What are the summary and literary theme of Edna St. Vincent-Millay's sonnet "love is not all: it is not meat nor drink"? I am writing an analytical essay on this sonnet and would like some idea as to what it is about.

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The theme of this poem is the indefinable and yet undeniable importance of love in a human life, despite the fact that it seems to serve no practical purpose. First, the poet begins by outlining all the things that love is not and that may seem more vital than it, such as "meat," "drink," "slumber," and "a roof" over one's head. Indeed, it is hard to argue that love is "all" when it cannot physically save us: if we are injured, it cannot "set the fractured bone," clean our diseased blood, or give us breath where there is none. Despite this, the poet suggests that a lack of love can still be a cause of death. Although we cannot define how it is that love keeps us alive, many people find themselves "making friends with death" because they are unloved. While love does not physically sustain us, it certainly makes life worth living and is vital for us to be truly alive.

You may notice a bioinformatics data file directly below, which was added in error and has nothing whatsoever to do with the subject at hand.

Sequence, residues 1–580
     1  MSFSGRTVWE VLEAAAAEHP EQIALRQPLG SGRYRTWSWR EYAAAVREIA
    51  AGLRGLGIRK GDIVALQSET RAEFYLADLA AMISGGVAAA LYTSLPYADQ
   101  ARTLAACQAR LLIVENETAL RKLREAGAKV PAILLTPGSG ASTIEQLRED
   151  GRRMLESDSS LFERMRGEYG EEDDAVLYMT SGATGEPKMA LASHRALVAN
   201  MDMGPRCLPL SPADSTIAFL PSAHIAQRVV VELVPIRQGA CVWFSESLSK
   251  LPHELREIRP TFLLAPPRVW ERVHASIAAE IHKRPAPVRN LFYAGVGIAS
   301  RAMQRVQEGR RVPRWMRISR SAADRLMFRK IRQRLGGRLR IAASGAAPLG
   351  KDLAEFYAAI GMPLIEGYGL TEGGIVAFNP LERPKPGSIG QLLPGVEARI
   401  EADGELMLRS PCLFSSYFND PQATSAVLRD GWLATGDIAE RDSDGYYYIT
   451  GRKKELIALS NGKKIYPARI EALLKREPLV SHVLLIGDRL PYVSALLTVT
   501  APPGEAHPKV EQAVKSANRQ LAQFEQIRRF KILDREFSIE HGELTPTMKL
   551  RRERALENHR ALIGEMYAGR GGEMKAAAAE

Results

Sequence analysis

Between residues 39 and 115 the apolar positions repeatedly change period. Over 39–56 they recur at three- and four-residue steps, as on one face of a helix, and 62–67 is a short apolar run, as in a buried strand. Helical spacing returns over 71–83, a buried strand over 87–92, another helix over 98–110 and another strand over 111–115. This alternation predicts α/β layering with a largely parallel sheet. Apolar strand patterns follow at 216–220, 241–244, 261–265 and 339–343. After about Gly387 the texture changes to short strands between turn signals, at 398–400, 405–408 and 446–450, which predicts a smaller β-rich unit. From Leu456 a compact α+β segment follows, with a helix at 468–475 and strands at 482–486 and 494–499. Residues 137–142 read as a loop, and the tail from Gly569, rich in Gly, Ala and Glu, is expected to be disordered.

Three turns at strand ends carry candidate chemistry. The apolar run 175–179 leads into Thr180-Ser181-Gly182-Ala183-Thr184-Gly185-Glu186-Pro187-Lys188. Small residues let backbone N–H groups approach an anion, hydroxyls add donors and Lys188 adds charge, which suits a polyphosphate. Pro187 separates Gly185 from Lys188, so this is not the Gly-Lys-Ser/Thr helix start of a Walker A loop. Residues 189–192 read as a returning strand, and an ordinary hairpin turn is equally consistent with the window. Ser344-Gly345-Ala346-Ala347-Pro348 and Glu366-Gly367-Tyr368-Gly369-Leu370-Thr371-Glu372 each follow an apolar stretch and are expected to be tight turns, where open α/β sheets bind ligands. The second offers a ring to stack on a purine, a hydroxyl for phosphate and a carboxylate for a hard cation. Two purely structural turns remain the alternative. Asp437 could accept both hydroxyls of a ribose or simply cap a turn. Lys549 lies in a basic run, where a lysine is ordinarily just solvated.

In the closing section of the poem, the poet questions, "in a difficult hour," whether she could exchange the love of her...

(The entire section contains 2 answers and 565 words.)

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